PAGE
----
As debate intensifies, EPA’s internal watchdog last week announced that it will take up its own study of how the agency has conducted life-cycle analyses of biofuels’ carbon dioxide footprints (Greenwire, Oct. 16).

The Office of Inspector General said that it would examine how EPA has incorporated new emissions data from studies required by law. Among those studies is a 2011 report by the National Academy of Sciences that questioned whether the RFS was an effective policy for achieving greenhouse gas reductions.

Ethanol opponents cast the study as a way of updating life-cycle analyses that they don’t believe capture all ethanol emissions.

“The federal renewable fuel standard is supposed to promote fuels that emit less global warming pollution than gasoline. But it’s done just the opposite, stimulating a boom in ethanol made from corn, which over its life cycle causes emissions of more climate-wrecking carbon than gasoline,” said Emily Cassidy, a research analyst at the Environmental Working Group. “Yet the renewable fuel standard continues to encourage production of ethanol — and now the EPA’s internal watchdog wants to know why.”

Four bipartisan lawmakers who have pushed for reform of the policy also said they were “pleased” the inspector general was taking up the RFS.

Reps. Jim Costa (D-Calif.), Bob Goodlatte (R-Va.), Peter Welch (D-Vt.) and Steve Womack (R-Ark.) have introduced legislation that would, in part, strike corn ethanol from refiners’ RFS requirements.

“The negative impacts of the RFS are known,” the four said in a joint statement, “and it is our hope that the IG’s report provides much-needed clarity to the conflicting information the EPA has shared regarding the benefits of the RFS.”

But biofuel groups are hoping for vindication with the OIG study.

“The RFS is the only meaningful policy to help break Big Oil’s stranglehold on the liquid fuels marketplace,” Tom Buis, co-chairman of ethanol group Growth Energy, said last week. “This is an energy policy that is working. It is doing exactly what it was intended to do, with great success.”

Dueling studies

Whether the RFS — and the expanded ethanol production that comes from it — is an effective policy for addressing climate change remains an active area of debate among academics.

Several studies, including the University of Tennessee research, have cast doubt over whether ethanol and other biofuels lead to CO2 reductions compared with gasoline.

Others have come to opposite conclusions. The Argonne National Laboratory, for example, has found that ethanol reduces greenhouse gas emissions 34 percent compared with a gasoline baseline.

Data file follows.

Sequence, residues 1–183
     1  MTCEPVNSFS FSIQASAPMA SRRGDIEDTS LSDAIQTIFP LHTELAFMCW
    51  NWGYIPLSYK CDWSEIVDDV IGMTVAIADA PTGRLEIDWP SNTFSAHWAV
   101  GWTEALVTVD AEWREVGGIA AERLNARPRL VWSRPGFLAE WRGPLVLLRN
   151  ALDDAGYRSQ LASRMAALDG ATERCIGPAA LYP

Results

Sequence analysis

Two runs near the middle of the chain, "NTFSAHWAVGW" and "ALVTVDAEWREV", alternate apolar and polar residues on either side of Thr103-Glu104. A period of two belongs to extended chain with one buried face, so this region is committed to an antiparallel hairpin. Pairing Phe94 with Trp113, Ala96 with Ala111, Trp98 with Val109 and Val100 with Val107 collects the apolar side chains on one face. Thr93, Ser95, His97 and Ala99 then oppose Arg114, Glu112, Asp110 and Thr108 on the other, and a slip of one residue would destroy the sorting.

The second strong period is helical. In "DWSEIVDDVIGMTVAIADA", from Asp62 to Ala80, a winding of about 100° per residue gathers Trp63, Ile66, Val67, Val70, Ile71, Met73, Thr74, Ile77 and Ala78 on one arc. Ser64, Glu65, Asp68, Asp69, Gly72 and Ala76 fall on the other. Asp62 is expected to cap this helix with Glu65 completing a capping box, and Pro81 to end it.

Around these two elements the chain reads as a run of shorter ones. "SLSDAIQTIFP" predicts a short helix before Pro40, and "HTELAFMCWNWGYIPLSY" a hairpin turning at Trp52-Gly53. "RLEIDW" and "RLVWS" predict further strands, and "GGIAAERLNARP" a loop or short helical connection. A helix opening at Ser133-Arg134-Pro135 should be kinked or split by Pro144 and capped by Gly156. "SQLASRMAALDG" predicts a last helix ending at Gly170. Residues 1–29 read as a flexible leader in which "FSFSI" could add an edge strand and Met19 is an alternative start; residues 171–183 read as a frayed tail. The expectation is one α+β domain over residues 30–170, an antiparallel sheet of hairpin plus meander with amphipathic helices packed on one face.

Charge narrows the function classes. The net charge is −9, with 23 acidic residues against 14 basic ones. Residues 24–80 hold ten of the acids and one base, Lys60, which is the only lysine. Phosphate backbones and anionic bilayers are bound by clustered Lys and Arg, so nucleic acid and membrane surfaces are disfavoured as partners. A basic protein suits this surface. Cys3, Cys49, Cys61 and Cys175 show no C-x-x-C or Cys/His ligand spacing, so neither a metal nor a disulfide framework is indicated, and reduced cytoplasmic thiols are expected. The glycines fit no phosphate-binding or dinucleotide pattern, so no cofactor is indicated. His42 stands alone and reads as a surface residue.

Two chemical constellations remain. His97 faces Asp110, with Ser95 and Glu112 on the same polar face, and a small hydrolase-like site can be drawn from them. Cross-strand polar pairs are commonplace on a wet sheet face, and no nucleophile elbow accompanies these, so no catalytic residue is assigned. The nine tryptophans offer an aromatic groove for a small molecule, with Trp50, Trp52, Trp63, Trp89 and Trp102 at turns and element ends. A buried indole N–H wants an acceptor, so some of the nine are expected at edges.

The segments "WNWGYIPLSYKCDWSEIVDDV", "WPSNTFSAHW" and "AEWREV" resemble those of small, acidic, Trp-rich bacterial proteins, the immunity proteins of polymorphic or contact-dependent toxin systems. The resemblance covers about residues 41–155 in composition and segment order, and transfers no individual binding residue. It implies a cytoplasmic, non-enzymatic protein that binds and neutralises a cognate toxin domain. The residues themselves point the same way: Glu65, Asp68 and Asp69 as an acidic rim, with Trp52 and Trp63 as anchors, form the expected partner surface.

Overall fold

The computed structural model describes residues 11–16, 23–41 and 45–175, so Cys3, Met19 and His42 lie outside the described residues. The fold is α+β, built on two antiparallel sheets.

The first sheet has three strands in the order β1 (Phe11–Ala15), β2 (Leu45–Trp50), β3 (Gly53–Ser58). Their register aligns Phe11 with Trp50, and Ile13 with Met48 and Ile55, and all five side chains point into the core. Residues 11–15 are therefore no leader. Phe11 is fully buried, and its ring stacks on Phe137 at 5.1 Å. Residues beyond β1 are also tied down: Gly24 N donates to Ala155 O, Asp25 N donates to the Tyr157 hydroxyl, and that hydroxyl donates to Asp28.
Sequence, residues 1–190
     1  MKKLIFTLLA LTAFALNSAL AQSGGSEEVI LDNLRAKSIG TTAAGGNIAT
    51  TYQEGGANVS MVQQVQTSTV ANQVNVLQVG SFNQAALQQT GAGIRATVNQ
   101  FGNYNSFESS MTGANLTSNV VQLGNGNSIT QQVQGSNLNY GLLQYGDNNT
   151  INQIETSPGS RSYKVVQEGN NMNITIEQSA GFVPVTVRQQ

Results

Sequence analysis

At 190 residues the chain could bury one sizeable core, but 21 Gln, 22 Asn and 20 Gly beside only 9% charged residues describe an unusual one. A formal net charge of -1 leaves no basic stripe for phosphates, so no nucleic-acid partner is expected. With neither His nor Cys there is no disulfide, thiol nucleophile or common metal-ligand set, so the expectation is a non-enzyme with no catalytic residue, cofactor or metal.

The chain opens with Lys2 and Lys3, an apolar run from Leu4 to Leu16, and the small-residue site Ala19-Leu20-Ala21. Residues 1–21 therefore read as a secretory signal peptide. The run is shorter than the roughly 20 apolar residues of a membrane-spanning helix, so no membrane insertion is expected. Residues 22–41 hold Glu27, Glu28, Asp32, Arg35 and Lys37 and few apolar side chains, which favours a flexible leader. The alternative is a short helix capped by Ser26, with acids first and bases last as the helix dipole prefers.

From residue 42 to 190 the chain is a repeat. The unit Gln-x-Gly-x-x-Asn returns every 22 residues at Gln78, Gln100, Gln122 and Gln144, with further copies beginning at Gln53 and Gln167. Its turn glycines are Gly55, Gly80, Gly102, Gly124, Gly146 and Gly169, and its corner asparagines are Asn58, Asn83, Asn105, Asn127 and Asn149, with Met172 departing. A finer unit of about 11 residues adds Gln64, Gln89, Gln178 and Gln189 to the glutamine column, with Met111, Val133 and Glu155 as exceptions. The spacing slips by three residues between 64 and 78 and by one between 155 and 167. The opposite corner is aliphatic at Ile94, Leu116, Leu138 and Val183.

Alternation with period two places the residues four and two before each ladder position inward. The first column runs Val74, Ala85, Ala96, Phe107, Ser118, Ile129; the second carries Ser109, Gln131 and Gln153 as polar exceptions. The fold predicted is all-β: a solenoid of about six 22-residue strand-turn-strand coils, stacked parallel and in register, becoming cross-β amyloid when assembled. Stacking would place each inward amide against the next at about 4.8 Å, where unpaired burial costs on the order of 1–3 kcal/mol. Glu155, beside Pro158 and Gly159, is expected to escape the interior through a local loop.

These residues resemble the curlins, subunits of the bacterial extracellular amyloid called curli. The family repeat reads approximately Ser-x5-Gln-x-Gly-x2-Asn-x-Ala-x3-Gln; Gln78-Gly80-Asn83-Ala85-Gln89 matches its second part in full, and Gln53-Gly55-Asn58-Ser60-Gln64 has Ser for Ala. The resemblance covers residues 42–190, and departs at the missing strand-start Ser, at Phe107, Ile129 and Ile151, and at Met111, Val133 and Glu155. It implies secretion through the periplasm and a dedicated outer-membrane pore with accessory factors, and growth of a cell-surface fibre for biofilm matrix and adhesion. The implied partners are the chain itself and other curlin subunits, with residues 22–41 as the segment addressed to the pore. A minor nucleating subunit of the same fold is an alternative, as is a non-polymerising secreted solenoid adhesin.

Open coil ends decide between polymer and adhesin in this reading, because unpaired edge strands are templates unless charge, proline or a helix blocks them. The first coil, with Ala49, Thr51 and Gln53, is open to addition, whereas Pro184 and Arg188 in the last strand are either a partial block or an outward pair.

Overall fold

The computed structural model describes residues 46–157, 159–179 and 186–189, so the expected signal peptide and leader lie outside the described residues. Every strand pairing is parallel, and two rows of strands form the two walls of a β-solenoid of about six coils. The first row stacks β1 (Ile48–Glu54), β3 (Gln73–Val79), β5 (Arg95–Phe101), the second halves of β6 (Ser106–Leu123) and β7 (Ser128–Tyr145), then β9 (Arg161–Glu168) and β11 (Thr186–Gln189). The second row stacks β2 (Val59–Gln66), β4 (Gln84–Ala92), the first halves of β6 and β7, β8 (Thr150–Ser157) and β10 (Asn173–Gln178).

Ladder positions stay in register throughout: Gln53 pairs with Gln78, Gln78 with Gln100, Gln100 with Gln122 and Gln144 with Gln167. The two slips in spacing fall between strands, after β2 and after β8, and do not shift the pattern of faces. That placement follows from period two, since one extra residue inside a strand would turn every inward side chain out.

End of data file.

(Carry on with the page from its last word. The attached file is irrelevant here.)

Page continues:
At a Brookings Institution event Friday in Washington, D.C., a pair of well-known RFS critics slammed the policy as being the least efficient means of reducing carbon dioxide emissions.

World Resources Institute fellow Tim Searchinger and Massachusetts Institute of Technology economist Christopher Knittel said policies such as cap and trade and a carbon tax are less expensive and risky than the RFS.

“Because we don’t know very well what the land-use implications are, that’s a riskier policy from a greenhouse gas perspective than a carbon tax,” Knittel said.

Knittel suggested that the RFS was actually economically worse than doing nothing to address climate change. According to his research, abating 1 ton of carbon dioxide through the RFS will cost $90 — much higher than the social cost of carbon, which is below $40 a ton.

But it’s unlikely a more general climate policy would force change in the transportation fuel market the way the RFS has done, said Bruce Babcock, an energy economics professor at Iowa State University.

Babcock, an ethanol supporter, noted that practitioners of life-cycle greenhouse gas analyses haven’t “bought into” research that’s questioned the benefits of ethanol and other biofuels. He said U.S. biofuel production hasn’t driven indirect land-use changes that contribute to global warming — the key tenet of climate arguments against the RFS — when land-use data over the last 10 years is taken into account.

Americans United for Change, a pro-RFS group, also pushed back against Knittel and Searchinger, charging that their research has been influenced by oil industry funding.

“There is a mountain of independent academic research,” the group said, “showing that ethanol use significantly cuts down carbon emissions compared to gasoline made from dirty fossil fuels.”